I started a new job this week. Encountering new people is always an adventure. I'm finding that everyone is really nice, and even though I sometimes feel that I'm swimming in mud, I think I'll find my feet before too long. This week has been such an emotional roller coaster. I didn't cry today! Haha. Monday I cried because I felt really overwhelmed at Convocation because I showed up and didn't have a clue as to where I needed to be, what I was supposed to be wearing, and who I was supposed to be looking for. Tuesday I cried because I hit my head on the corner of an open cabinet. Today, there were no tears and I was so relieved.
Something that I always find interesting is people's reactions to respect from a peer. I'm one of several Educational Assistants at my school and one of my coworkers, who happens to be older than I am, has been really helpful and on Tuesday he told me that if I needed anything I should let him know. I said, "Thank you, sir," and he stopped dead in his tracks and told me that I didn't need to call him sir because we were on the same level. This same type of thing happened to me a few weeks ago with a coworker who I was pretty close to at my last job.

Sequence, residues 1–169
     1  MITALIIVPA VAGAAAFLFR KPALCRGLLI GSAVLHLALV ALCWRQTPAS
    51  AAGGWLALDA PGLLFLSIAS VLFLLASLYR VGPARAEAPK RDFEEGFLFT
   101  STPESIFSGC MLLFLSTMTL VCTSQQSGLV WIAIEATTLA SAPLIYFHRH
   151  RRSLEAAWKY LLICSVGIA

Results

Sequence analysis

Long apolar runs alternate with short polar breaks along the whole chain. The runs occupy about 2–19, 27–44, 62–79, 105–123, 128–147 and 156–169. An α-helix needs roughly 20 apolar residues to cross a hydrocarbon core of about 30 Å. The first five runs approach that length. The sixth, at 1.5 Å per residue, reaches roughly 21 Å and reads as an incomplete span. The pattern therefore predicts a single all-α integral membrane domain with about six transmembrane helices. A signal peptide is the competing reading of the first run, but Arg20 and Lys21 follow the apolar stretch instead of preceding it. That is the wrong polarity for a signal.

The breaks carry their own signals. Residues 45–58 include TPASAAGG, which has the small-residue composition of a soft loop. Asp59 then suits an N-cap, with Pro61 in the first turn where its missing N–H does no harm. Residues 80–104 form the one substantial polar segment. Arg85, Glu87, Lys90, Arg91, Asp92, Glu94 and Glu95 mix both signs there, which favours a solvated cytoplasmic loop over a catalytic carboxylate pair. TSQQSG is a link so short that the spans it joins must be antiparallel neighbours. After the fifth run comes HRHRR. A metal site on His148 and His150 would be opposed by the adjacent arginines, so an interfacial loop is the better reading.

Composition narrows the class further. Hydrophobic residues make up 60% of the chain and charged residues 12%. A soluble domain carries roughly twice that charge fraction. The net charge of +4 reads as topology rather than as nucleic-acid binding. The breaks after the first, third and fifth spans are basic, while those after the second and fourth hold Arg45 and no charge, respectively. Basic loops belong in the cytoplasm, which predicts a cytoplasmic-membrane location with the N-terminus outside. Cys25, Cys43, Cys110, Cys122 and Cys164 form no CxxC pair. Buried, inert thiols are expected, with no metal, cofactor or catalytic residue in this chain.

All of this makes me wonder why my mom worked so hard to teach my sisters and I to show respect to our elders and even our peers. I was taught never to call my adult relatives by their first names only, always to say ma'am or sir, please and thank you.
Why is a society that is so focused on tolerance and acceptance and equal treatment seeming to run away screaming from politeness and respect? What do you think? If you have kids, what are you teaching them? What did your parents teach you? If you were raised like me, tell me what you think. If not, please explain your point of view! I want to know what you're thinking about this!